Spying on Ourselves?

Newsweek’s Michael Isikoff reports something many of us already suspected would happen when the military created the U.S. Northern Command (NorthCom)–military intelligence assets are working inside the United States:

Ever since the 1970s, when Army intel agents were caught snooping on antiwar protesters, military intel agencies have operated under tight restrictions inside the United States. But the new provision, approved in closed session last month by the Senate Intelligence Committee, would eliminate one big restriction: that they comply with the Privacy Act, a Watergate-era law that requires government officials seeking information from a resident to disclose who they are and what they want the information for.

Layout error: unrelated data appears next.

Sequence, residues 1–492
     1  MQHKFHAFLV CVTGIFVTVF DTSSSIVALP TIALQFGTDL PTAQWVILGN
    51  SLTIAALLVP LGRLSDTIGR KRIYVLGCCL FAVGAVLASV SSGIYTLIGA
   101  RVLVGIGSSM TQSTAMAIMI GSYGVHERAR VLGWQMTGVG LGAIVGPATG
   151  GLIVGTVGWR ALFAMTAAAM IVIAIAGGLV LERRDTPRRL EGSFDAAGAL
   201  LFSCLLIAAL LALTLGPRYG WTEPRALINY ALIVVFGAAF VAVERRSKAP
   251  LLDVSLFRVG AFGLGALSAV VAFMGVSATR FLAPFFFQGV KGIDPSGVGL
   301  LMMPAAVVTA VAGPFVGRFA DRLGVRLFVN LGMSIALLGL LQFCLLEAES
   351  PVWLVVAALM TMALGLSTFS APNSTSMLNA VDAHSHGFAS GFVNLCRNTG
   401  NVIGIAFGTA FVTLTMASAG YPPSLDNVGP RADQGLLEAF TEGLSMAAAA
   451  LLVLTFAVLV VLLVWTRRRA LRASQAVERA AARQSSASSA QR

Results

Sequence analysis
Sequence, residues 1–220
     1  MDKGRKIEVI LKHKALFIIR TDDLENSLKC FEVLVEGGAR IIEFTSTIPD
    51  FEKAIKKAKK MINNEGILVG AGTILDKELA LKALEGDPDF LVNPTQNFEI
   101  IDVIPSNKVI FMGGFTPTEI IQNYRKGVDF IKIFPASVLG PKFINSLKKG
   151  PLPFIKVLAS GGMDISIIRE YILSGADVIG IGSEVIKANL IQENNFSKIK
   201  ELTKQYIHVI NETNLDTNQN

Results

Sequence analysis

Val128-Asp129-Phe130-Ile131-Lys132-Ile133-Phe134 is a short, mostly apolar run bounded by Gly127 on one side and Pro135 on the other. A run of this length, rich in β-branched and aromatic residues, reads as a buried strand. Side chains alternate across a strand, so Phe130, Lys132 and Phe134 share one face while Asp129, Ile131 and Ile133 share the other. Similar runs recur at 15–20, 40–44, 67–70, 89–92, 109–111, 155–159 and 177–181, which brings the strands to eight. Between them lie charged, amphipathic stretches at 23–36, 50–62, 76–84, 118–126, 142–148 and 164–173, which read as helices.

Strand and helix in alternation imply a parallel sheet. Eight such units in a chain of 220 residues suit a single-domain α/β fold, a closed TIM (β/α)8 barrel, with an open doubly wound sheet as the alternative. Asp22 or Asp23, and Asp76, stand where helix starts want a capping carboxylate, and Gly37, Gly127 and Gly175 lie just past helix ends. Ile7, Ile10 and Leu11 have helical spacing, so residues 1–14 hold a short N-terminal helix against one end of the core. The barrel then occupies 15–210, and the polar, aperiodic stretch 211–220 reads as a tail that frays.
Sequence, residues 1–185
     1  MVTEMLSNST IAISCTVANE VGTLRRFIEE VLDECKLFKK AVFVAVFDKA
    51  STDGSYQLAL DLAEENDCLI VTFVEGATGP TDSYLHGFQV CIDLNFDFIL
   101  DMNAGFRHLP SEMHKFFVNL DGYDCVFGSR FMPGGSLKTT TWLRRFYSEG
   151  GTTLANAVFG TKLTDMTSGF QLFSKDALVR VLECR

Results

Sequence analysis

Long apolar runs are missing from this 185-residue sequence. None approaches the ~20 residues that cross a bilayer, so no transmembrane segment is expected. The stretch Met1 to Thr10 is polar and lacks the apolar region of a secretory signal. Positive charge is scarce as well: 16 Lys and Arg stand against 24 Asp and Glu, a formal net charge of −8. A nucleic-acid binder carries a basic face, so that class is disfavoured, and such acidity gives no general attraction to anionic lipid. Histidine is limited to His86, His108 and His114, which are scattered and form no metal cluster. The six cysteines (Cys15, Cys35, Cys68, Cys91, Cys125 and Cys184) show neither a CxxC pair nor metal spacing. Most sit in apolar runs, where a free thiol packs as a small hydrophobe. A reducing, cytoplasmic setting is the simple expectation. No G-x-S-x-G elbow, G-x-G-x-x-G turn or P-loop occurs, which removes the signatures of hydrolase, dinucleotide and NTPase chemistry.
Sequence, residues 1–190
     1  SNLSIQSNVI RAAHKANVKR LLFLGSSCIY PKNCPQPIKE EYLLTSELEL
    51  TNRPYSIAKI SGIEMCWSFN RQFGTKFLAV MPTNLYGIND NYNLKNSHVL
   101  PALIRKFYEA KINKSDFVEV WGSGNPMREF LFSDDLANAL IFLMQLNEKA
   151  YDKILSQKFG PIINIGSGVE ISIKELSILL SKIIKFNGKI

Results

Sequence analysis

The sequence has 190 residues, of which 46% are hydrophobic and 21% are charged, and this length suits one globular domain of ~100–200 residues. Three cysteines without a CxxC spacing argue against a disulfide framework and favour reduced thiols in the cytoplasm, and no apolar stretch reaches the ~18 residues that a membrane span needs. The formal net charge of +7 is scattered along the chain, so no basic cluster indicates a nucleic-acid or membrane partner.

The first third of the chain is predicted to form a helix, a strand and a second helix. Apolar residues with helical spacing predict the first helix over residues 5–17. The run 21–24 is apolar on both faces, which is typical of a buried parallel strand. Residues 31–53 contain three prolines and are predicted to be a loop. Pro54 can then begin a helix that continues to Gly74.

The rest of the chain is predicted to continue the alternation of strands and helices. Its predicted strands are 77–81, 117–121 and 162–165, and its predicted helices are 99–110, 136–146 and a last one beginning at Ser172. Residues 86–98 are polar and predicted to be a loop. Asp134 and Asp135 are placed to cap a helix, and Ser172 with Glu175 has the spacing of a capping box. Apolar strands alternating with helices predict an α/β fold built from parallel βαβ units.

This is an ominous development. We may rationalize that it’s necessary to win the (endless) War on Terror, but consider that the Clintons used the FBI as a tool against their enemies.

Now imagine an equally unscrupulous administration at some future date using not only the FBI, but a network of undercover intelligence operatives to infiltrate unfriendly groups to collect information that can be used against them.

Maybe I’m overreacting, but this seems to be about one step short of setting up a secret police force. Especially since it was approved in closed session, out of plain sight.

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